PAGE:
The following joint degrees may be earned: J.D./M.B.A. (Juris Doctor/Master of Business Administration) and J.D./M.P.A. (Juris Doctor/Master of Public Administration).
Although the law school has no concentrations, it has a full curriculum in all subjects except juvenile law and maritime law. In addition, approved upper-class students may earn 14 credit hours in a civil legal clinic. There is also an immigration clinic for 5 credit hours. The most widely taken electives are Business Organizations, Evidence, and Advanced Property.
To earn the J.D., candidates must complete 91 total credits, of which 37 are for required courses. They must maintain a minimum GPA of 2.0 in the required courses. The following first-year courses are required of all students: Civil Procedure Jurisdiction, Civil Procedure Rules, Constitutional Law, Contracts I, Criminal Law, Legal Research and Writing I and II, Professional Responsibility, Property I, and Torts. Required upper-level courses consist of 2 perspective courses, a seminar, Appellate Advocacy, and Trial advocacy, clinic, business drafting, or a judicial externships. The required orientation program for first-year students is a 2-1/2-day program featuring large group discussion and mini classes covering introduction to legal analysis, legal writing, note taking, class participation, and law school exam taking; student panels on first-year life; presentation about services available to law students including counseling, financial aid information, and a computer workshop for interested students. During the first semester there are three one hour programs: state bar license, class preparation and final exam taking. There is also a picnic with upper-class students and faculty, at which families are welcome.
In order to graduate, candidates must have a GPA of 2.0, have completed the upper-division writing requirement, and must satisfactorily complete all first-year requirements, the seminar and the perspectives course requirements, and the capstone/practicum requirement.
In the fall 2007 first-year class, 831 applied, 326 were accepted, and 152 enrolled. Figures in the above capsule and in this profile are approximate. Ten transfers enrolled in a recent year. The median LSAT percentile of the most recent first-year class was 81; the median GPA was 3.51 on a scale of 4.0. The lowest LSAT percentile accepted was 9; the highest was 98.
Applicants must have a bachelor’s degree and take the LSAT. The most important admission factors include LSAT results, academic achievement, and GPA. No specific undergraduate courses are required. Candidates are not interviewed.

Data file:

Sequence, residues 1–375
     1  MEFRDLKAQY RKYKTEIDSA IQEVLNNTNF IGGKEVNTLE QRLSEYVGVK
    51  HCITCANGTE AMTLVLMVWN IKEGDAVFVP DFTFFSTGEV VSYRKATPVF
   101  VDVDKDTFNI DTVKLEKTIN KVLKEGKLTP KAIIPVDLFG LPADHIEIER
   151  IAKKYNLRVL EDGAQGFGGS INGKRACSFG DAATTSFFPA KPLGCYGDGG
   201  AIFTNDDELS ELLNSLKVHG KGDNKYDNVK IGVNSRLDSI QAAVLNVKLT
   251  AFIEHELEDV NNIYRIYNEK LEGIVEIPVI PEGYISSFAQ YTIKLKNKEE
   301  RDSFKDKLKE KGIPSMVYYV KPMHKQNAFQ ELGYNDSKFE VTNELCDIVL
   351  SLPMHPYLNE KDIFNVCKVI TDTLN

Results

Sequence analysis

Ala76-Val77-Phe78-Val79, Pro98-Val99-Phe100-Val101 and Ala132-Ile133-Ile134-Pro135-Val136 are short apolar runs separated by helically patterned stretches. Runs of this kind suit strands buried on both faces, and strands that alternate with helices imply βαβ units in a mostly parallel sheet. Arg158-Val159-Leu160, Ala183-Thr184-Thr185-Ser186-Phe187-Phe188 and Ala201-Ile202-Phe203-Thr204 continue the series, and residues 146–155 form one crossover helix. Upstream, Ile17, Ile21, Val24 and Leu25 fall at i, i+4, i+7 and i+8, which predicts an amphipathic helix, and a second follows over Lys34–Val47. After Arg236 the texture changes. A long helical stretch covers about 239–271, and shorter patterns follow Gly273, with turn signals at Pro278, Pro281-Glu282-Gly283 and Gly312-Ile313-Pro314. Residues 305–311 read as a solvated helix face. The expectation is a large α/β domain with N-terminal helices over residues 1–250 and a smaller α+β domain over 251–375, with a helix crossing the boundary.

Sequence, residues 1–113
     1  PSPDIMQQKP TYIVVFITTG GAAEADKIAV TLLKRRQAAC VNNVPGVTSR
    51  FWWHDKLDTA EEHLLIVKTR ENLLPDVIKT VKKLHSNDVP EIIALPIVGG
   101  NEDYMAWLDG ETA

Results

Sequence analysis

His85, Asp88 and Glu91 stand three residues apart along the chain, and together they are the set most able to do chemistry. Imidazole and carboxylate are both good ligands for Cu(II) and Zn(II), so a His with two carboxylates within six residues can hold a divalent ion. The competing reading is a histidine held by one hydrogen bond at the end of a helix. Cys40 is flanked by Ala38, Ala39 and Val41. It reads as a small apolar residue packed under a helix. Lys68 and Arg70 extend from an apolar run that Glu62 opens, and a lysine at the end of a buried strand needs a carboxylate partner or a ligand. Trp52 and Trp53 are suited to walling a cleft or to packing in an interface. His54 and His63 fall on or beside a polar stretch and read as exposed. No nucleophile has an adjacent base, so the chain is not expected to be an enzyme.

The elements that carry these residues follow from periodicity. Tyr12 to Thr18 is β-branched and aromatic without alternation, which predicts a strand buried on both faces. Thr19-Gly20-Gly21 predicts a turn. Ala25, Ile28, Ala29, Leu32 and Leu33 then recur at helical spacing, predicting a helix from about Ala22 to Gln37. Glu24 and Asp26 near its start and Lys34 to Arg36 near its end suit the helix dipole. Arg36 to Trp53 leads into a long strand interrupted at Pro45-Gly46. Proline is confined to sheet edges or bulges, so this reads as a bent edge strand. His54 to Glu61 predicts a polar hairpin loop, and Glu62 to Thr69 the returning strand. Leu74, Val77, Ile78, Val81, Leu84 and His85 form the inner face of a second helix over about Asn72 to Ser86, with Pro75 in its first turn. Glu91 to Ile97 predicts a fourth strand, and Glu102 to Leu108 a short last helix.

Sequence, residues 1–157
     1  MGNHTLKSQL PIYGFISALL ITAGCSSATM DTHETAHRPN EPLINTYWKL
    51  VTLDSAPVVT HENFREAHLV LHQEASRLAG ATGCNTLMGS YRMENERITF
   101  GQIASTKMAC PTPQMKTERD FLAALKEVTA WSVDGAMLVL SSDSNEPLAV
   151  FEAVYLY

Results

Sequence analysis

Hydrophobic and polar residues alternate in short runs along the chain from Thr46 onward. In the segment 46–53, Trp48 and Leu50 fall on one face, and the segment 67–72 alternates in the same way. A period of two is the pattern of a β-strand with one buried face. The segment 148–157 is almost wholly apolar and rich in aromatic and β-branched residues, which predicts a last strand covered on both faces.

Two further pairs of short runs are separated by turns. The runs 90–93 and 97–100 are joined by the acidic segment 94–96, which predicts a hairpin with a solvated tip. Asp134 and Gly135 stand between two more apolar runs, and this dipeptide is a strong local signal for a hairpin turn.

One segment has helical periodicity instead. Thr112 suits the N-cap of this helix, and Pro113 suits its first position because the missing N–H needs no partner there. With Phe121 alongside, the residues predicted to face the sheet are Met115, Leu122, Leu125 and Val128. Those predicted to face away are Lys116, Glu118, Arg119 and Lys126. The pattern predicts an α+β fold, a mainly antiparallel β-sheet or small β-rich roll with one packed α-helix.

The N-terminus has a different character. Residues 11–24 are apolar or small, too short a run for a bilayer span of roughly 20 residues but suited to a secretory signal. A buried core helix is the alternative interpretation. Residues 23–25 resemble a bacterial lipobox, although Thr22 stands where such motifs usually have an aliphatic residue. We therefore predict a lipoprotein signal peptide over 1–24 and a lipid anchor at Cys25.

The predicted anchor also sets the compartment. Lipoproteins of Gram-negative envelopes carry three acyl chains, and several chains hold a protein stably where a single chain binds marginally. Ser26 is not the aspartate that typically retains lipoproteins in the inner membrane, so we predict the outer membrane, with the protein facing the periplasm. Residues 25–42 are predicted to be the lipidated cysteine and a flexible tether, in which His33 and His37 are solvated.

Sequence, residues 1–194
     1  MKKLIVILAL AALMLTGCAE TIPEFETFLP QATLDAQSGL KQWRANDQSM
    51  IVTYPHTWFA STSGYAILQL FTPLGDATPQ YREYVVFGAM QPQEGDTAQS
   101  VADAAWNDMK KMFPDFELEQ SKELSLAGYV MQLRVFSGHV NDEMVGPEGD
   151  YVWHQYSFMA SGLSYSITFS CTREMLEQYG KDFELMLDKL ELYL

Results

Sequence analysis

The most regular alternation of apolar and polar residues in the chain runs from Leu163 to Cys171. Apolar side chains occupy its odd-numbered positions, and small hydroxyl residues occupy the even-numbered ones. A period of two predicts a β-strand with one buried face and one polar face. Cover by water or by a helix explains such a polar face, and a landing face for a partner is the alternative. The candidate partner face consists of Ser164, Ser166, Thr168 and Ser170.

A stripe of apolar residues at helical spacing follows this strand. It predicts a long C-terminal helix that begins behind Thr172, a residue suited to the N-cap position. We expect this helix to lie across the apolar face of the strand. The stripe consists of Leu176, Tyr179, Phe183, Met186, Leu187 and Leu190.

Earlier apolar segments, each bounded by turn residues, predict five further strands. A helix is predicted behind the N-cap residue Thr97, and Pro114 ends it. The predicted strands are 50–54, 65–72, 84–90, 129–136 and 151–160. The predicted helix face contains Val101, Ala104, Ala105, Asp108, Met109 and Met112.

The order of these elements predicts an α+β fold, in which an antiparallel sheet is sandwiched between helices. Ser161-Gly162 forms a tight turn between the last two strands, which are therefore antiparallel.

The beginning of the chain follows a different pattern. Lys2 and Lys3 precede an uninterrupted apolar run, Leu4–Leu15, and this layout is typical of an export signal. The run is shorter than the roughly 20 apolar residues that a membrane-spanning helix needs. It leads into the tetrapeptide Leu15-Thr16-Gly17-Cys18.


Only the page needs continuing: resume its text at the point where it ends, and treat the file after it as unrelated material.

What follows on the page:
Applicants should submit an application form, LSAT results, transcripts, (submitted by LSDAS), a nonrefundable application fee, 3 letters of recommendation, and personal statement. Notification of the admissions decision is on a rolling basis. Check with the school for current application deadlines. The law school uses the LSDAS.
In a recent year, about 84% of current law students received some form of aid. The average annual amount of aid from all sources combined, including scholarships, loans, and work contracts was $13,743; maximum, $23,291. Awards are based on need and merit. Required financial statement is the FAFSA. Check with the school for current application deadlines. Special funds for minority or disadvantaged students include scholarships, and vocational-rehabilitation is offered to disabled and disadvantaged students. First-year students are notified about their financial aid application at the time of application.
About 44% of the student body are women; 8%, minorities; 5%, African American; 2%, Asian American; 1%, Hispanic; and 1%, Native American. The majority of students come from the Northeast (87%). The average age of entering students is 26; age range is 21 to 68. About 82% of students enter directly from undergraduate school, 8% have a graduate degree, and 6% have worked full-time prior to entering law school. About 1% drop out after the first year for academic or personal reasons; 99% remain to receive a law degree.
Students edit the West Virginia Law Review, the fourth oldest legal journal in the United States; the Journal of College and University Law in conjunction with the National Association of College and University Attorneys; and the newspaper On-Point. Moot court competitions include the Moot Court Board, Baker Cup Competition, held annually; Marlyn E. Lugar Trial Association Mock Trial Competition, held 4 times per year; and Gourley Cup Trial Competition. The Law School sends 2-to 6-person teams to 5 outside appellate advocacy competitions and 2-to 5-person teams to several outside trail advocacy competitions. Law student organizations, local chapters of national associations, and campus clubs and organizations include the Black law Students Association, Women’s Law Caucus, Public Interest Advocates, Environmental Law Society, Labor and Employment Law Association, Student Bar Association, National Lawyers Guild, Energy Law Club, and Phi Delta Phi.
The law school operates on a traditional semester basis. Courses for full-time students are offered days only and must be completed within 6 years. For part-time students, courses are offered days only and must be completed within 6 years. New full- and part-time students are admitted in the fall. There is no summer session. Transferable summer courses are not offered.